God has Mercy

God spoke through Moses and this is who Paul quotes (Ex 33:19) in Romans 9:15, writing, “I will have mercy on whom I have mercy, and I will have compassion on whom I have compassion.” Today, God meets with us (Ex 25:22) through Christ (John 6:44). His mercy’s been revealed through the atoning work at Calvary for all who trust in His Son. Since we “all have sinned and fall short of the glory of God” (Rom 3:23), we must be “justified by his grace as a gift, through the redemption that is in Christ Jesus” (Rom 3:24). There is absolutely no other way (Acts 4:12). Otherwise, the wrath of God still abides on them (John 3:36b), however, for those who believe, they can thank God because it was through Jesus Christ that “God put forward as a propitiation by his blood, to be received by faith. This was to show God’s righteousness, because in his divine forbearance he had passed over former sins” (Rom3:25). This makes more sense of the original Passover where God would pass over all who had the lamb’s blood on the doors and lintels. God’s wrath was satisfied through the “propitiation by his blood,” or Jesus’ blood (Rom 3:24). The word “propitiation” simply means having the satisfaction or that Jesus Christ was the acceptable, wrath-satisfying sacrifice on our behalf for our sins. Jesus reconciled us back to God. Now we can have fellowship with the Father, and a relationship as His own child, but only through Christ can God meet us (Ex 25:22). This is the supreme act of love in history (John 3:16), and it “was to show his righteousness at the present time, so that he might be just and the justifier of the one who has faith in Jesus” (Rom 3:26).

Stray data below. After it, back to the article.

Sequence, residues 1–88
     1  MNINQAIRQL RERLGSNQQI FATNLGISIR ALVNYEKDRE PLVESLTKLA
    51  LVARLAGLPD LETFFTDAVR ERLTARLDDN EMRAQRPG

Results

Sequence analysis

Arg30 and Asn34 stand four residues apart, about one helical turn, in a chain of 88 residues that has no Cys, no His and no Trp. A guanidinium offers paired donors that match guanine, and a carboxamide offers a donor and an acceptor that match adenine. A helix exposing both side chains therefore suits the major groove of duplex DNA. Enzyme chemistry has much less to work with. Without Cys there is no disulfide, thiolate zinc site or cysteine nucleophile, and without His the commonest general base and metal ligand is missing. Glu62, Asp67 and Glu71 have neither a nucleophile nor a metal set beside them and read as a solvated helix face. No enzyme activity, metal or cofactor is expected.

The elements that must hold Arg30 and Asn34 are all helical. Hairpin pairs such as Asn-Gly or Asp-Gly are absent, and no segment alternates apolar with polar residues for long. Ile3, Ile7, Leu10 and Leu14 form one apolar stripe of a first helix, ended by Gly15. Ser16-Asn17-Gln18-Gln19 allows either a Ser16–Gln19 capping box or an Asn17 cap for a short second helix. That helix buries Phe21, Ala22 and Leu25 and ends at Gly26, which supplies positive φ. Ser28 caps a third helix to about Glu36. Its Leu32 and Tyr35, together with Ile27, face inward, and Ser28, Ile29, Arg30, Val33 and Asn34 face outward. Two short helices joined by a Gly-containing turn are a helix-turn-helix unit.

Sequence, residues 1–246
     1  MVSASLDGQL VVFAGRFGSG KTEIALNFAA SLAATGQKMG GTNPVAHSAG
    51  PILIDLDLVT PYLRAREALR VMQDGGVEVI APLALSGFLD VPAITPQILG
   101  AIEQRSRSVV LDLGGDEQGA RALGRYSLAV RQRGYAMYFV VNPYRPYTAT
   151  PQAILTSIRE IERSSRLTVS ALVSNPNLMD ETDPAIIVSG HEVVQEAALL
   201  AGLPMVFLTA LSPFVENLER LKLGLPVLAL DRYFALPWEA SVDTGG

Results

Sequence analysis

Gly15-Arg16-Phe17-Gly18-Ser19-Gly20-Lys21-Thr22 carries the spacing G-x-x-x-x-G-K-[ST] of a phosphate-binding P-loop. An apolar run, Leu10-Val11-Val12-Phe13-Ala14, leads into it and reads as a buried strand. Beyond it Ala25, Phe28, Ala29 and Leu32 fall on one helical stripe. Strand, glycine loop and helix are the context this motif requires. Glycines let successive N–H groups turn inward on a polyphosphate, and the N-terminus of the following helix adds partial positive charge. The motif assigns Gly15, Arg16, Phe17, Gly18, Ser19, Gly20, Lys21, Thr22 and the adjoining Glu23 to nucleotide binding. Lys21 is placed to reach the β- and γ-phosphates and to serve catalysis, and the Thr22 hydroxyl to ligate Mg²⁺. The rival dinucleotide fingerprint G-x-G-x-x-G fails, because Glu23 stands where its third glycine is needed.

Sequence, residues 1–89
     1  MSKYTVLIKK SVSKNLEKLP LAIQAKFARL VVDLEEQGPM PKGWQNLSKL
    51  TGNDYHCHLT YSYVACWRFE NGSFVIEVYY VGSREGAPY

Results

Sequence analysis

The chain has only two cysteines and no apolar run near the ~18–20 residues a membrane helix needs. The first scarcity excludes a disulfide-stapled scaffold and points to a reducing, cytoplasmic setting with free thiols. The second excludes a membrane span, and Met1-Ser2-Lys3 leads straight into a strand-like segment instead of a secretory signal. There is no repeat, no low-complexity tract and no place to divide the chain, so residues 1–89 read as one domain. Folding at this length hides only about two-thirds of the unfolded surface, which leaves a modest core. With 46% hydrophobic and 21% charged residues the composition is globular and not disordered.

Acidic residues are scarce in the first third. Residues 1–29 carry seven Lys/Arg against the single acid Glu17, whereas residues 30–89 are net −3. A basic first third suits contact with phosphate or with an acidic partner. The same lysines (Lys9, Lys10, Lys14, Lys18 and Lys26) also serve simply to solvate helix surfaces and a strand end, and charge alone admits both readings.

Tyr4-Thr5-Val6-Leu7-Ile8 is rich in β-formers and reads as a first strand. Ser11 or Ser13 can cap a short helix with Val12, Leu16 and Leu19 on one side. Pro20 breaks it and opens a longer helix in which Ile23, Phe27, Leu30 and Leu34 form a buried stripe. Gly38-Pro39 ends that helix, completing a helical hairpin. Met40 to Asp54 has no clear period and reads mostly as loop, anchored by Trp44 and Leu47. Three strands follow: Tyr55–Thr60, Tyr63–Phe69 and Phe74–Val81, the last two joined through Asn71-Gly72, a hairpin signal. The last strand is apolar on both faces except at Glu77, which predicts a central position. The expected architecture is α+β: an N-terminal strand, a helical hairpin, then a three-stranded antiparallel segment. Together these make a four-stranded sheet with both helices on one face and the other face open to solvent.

Conclusion

We can and should thank God for His tender mercies revealed through the sacrificial atonement that was provided by Christ. We were redeemed “with the precious blood of Christ, like that of a lamb without blemish or spot” (1 Pet 1:19), so of the saints, we can say that they have overcome “by the blood of the Lamb and by the word of their testimony, for they loved not their lives even unto death” (Rev 12:11). God’s mercy is certainly not what we deserve, but God doesn’t give us what we deserve, rather, He gives us what we need (John 3:16, 17:3).

Here is some related reading for you: What Does Atonement Mean.? Bible Definition of Atonement

Resource – Scripture quotations are from The Holy Bible, English Standard Version® (ESV®), Crossway Bibles. (2007). ESV: Study Bible: English standard version. Wheaton, Ill: Crossway Bibles. Used by permission. All rights reserved.